Can you become more Likable as a speaker? I believe so.
Why don’t they like me?
When I first started speaking in 1998, I don’t believe I was very Likable. Why? It’s because my goal was to finish the speech rather than to create an experience for my audience. In fact, I could have given my speech the same exact way whether I was alone or in front of an audience.
That’s terrible, because it means I wasn’t feeding off of my audience or letting them feed off of me. There was no true exchange of energy.
Once I made the internal shift to focus more on my audience than on completing the speech, I immediately became more Likable and I connected on a deeper level.
Although the internal shift is critical, the following 6 lessons can also help you become more Likable so that your message travels deeper and you develop meaningful relationships along the way.
Likability Lesson #1 – Don’t tell, ask
People don’t like to be told about themselves. So often I see speakers make statements like, “We all have made bad decisions in life…” That turns people off and some actually think, “You don’t know me. How can you tell me I’ve made bad decisions?” Even though we KNOW they have, we can’t tell them they have. It’s much better to ask.
For example, I’d ask, “Have you ever made a bad decision?” Or I’d say, “Be honest, raise your hand if you’ve ever made a bad decision?” Once their hands go up, I’d say, “Me too.” Now I have permission to go down that road with them on board.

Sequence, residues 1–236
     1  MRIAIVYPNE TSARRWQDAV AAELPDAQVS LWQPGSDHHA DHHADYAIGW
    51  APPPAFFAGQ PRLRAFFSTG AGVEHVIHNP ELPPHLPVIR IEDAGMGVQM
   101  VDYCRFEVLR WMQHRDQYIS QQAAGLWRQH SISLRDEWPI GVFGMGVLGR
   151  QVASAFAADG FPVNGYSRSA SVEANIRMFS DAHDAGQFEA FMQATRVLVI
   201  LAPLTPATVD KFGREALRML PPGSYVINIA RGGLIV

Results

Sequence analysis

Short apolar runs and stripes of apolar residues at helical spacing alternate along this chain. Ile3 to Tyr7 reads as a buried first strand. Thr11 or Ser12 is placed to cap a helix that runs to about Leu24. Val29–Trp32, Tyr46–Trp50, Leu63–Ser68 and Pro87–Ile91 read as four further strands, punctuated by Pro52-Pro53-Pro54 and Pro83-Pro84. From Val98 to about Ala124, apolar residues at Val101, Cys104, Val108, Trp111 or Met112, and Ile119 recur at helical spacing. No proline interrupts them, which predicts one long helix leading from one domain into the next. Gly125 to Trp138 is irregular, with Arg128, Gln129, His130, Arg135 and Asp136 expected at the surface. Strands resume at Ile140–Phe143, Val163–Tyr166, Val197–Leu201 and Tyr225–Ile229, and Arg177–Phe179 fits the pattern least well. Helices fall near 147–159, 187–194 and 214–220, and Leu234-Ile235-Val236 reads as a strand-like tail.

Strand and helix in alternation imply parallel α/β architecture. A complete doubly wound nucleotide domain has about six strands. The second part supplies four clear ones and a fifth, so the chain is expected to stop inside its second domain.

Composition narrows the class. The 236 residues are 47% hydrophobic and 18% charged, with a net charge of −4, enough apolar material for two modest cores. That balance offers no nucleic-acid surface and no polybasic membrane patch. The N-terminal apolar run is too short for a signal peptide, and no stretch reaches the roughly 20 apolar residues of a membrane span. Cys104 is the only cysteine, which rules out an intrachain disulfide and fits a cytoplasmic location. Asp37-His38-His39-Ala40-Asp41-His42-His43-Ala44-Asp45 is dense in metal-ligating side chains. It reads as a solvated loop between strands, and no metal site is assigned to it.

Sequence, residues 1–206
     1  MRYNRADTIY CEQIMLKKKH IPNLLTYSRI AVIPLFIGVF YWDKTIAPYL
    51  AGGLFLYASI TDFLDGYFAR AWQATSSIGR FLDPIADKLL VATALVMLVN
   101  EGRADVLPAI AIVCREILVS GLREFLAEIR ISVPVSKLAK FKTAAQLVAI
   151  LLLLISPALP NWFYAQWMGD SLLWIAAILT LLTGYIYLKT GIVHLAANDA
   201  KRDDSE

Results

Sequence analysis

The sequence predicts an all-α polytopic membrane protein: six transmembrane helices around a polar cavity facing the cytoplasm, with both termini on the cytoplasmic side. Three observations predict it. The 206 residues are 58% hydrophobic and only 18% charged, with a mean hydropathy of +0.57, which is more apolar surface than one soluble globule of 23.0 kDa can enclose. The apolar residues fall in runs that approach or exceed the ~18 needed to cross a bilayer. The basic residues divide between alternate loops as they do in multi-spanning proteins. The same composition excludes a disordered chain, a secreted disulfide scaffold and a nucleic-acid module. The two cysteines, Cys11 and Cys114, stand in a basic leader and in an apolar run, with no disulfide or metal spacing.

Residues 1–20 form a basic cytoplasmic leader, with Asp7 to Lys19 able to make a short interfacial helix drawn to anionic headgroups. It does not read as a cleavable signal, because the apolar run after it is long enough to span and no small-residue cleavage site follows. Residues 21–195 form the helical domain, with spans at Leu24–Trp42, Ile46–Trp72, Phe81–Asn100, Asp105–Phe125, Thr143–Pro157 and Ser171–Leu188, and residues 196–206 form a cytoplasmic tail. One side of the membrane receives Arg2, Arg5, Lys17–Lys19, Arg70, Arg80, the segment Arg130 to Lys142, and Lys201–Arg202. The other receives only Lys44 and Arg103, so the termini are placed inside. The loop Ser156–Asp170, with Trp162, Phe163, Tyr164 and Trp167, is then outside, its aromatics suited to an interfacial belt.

Likability Lesson #2 – Listen to your listeners
Always remember that your audience wants to be heard too. People buy-into what they help create. Some speakers give their speech like I used to; the same way whether the audience is there or not. It’s important NOT to think, “Speech,” but think, “Experience.” When you include them, they have an experience. Here’s an example of my audience and me feeding off of each other so that they are heard too.
Likability Lesson #3 – Don’t come across as special
If all a speaker does is share his successes, what do you think the audience members will think? Eventually they’ll probably think, “This guy is arrogant.” However, they might also think, “This guy is special. Of course the tools he is sharing work for him. It’s because he’s special. But they won’t work for me.”
When you lift yourself up, you let your audience down
The key as a speaker is to take yourself off that pedestal and share your failures, flaws, and frustrations. When you do that, your audience will think, “Wow, he’s failed too? I have similar flaws.” In other words, they’ll realize you are similar rather than special. As a result, they’ll believe, “Hey, if HE can do it. I can do it too.” This leads to them following your advice or tools or recipe.
Oh, and remember, it’s completely okay to share your successes too. Just make sure to mix in some non-successful moments as well. Then, when you share your failures, your audience will end up rooting for you when you get to the successes.
Likability Lesson #4 – Embrace the environment